If you’ve been paying attention to pop culture news lately, chances are you’ve probably seen some casting announcements for one of the new shows headed to the DC Universe streaming service. It’s called Doom Patrol, and if you’re totally unfamiliar with that particular wing of DC’s canon, that probably sounds like a late 1960s Cold War era thriller to you. But–surprise!–it’s actually just a bunch of weird superheroes. Let’s break it down.
The Doom Patrol first appeared in issue #80 of My Greatest Adventure, an anthology style comic that traditionally collected up a bunch of short adventure stories. The Doom Patrol was part of a strategy to make the leap to the superhero genre; the goal was to make a serialized story that would fit in both the adventure and the superheroic wheelhouse and make the whole transition go a lot smoother. The Doom Patrol was billed as “the world’s strangest superheroes” and the creators took that theme to heart. The core idea was a team of heroes who were tortured and made outcasts by their abilities, forced to live their lives as cool, pulpy explorers more in the vein of something like Jonny Quest than Superman.
Now, if you’re thinking, “Wait a second, aren’t ‘outcast and tortured superheroes’ X-Men’s whole brand?” You’re correct! Importantly, the Doom Patrol actually predated the first appearance of the X-Men by several months, and co-creator Arnold Drake is still not totally convinced that the X-Men weren’t a subtle Doom Patrol rip-off to begin with. Comparing the two these days is a lot more apples-and-oranges than it would have been back in the ’60s. And, of course, judging by just name recognition and media franchise pull, it’s pretty obvious which one found more success, but hey, the more you know.
Like most superhero teams, the Doom Patrol’s line-up has fluctuated over the years, but for the most part it’s maintained a level of B and C list (or lower) obscurity. They started out with an original group of characters who had been created specifically to launch the Doom Patrol’s first appearance: Elasti-Girl, whose powers are exactly what you’d expect; Robotman, a human reincarnated as a robot after a terrible car crash; Negative Man, a man who lost his permanent corporeal form in a radioactive accident; and The Chief, a wheelchair using genius who brought the team together. A year or so later, Beast Boy–yes, like the Teen Titans Beast Boy–was introduced and joined the team, rounding out the roster.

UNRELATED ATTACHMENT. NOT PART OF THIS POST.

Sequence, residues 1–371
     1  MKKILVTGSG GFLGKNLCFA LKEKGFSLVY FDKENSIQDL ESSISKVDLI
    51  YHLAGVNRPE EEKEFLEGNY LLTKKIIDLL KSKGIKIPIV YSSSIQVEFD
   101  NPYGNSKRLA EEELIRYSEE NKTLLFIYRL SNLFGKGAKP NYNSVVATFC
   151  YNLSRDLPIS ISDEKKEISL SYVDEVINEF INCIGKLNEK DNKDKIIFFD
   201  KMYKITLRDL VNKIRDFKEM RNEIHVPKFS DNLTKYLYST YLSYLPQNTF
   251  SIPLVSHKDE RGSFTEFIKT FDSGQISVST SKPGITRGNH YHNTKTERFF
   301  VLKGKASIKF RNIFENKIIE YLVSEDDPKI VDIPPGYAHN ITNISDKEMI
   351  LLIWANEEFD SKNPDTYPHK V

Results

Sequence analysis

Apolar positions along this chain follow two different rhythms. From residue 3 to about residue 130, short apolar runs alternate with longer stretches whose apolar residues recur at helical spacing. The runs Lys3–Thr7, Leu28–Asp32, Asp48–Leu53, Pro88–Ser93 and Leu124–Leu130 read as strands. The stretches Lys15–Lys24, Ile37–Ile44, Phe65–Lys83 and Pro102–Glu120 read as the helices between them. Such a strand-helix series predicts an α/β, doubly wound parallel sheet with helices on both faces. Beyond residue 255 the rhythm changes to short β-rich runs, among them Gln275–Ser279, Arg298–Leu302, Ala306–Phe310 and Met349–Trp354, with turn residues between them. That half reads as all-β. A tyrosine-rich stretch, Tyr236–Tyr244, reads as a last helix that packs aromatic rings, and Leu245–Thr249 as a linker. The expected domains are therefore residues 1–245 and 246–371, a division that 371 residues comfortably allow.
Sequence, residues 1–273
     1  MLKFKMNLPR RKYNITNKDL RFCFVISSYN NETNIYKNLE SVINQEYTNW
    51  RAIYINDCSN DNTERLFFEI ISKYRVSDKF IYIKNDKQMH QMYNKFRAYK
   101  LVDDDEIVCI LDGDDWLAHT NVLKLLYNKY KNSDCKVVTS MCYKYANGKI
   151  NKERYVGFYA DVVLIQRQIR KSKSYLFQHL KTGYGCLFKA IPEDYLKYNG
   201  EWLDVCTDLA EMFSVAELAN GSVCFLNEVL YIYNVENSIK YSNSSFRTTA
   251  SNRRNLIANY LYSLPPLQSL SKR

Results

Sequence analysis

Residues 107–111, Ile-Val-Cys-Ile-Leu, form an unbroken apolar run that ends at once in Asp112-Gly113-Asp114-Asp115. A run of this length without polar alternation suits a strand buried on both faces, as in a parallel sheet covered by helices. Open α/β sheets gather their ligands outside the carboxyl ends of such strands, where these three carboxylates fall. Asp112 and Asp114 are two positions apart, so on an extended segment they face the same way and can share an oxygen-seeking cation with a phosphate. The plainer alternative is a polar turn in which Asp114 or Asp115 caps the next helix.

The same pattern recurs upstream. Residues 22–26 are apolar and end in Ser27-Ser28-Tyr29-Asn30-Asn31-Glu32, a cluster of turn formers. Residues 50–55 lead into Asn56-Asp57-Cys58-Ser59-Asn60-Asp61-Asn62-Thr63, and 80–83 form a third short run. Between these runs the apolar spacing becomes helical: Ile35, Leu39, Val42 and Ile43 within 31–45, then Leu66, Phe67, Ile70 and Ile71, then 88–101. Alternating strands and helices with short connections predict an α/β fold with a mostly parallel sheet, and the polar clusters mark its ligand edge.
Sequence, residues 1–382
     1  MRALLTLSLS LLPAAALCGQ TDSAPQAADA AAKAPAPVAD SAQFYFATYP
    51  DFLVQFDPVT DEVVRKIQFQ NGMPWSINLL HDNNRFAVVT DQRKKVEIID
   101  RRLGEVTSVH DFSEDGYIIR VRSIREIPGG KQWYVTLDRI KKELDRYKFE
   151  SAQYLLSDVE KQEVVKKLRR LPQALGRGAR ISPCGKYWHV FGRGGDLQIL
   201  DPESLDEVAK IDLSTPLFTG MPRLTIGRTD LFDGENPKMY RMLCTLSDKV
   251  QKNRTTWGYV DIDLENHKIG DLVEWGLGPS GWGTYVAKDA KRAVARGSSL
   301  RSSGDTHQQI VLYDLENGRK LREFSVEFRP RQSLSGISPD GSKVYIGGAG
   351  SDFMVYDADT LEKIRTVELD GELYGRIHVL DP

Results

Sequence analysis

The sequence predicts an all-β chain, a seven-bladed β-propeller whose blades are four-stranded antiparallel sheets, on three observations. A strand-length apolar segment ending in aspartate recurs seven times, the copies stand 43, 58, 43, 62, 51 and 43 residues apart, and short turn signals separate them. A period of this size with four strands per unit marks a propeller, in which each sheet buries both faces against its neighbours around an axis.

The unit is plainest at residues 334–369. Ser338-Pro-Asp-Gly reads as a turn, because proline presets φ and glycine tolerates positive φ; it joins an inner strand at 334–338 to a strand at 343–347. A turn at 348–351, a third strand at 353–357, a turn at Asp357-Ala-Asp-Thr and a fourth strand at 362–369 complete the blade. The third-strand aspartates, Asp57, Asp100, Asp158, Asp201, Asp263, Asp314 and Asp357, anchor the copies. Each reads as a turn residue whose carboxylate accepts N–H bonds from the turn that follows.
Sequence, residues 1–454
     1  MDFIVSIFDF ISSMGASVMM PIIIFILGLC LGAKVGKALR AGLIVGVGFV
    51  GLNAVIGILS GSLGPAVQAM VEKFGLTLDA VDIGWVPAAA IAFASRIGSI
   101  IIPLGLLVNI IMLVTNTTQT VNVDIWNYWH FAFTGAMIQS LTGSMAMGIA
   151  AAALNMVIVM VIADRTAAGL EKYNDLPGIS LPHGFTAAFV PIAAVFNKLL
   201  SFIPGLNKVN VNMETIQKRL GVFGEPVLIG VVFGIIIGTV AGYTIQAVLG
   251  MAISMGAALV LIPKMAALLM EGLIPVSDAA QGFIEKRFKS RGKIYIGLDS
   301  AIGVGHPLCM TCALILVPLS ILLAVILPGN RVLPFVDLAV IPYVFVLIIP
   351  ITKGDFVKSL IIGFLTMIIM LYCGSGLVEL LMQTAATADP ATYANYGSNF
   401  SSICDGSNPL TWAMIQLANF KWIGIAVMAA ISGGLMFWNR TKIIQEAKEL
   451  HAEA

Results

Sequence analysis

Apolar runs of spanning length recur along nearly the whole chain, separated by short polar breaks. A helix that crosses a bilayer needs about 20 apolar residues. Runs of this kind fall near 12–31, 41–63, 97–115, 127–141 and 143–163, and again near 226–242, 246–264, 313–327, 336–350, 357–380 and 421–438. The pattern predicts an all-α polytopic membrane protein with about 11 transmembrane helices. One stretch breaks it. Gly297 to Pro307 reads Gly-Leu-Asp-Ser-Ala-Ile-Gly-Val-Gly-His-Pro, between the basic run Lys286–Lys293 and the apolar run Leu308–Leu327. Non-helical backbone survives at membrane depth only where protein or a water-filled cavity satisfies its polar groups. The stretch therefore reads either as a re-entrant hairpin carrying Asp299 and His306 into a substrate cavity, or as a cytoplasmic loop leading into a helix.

Their stories usually involved a healthy amount of in-fighting, soul searching and general ennui, as each person on the team wrestled with personal demons as much as actual villains–all of which were just as weird and esoteric as the heroes themselves. Bad guys like the sentient gorilla Monsieur Mallah and his disembodied brain partner-slash-lover named, aptly, The Brain, and the 100% real, actually published in a real comic book Animal-Vegetable-Mineral Man, plagued the team at every turn.
The Doom Patrol never really got off the ground popularity wise, and thanks to no shortage of DC continuity reboots like Crisis on Infinite Earths, their position in the larger DC multiverse has always been pretty variable. Famously, they were the first team in DC that ended their book with the entire roster (save Beast Boy) being “killed” in the final issue, Doom Patrol #121, which paved the way for a complicated series of retcons and reboots. They spent their most widely appreciated years as a Vertigo book, but then wound up back in the mainline DCU in the early 2000s, and have since jumped over to the Young Animal imprint for the Rebirth era. Technically, thanks to the fancy footwork of creators like Grant Morrison and Gerard Way, the bulk of the Doom Patrol’s history is within continuity these days, but they’re only ever tangential to bigger teams like the Justice League at the very best–and a total non sequitur at worst.
What does that mean for the upcoming streaming TV show? It’s obviously pretty hard to say. By nature, the Doom Patrol deals with things that veer toward the psychedelic and the trippy, meaning we can expect to see a show that deals in a much more light (or at least surreal) tone than, say, the CW shows or even the Titans TV show. However, we do know that the Doom Patrol will in fact be spinning out of Titans in an episode specifically named after them, so we can assume that the two are definitely going to be sharing an onscreen universe. And, as was just announced at New York Comic Con, Matt Bomer (American Horror Story, Magic Mike) will star as Negative Man.
Also, with Beast Boy as part of the Titans main roster, it’s extremely likely that those early years of Doom Patrol stories, in which he played a major role, are going to be heavily mined for live action adaptation. We also know that some more recent Doom Patrol characters are going to be making the jump to the small screen, specifically Crazy Jane, who was a late addition to the team. Interestingly, Cyborg is also set to appear in the show, which will be a first, as he’s usually associated with the Titans or the Justice League. So when it comes to Doom Patrol, it might just be best to expect the unexpected.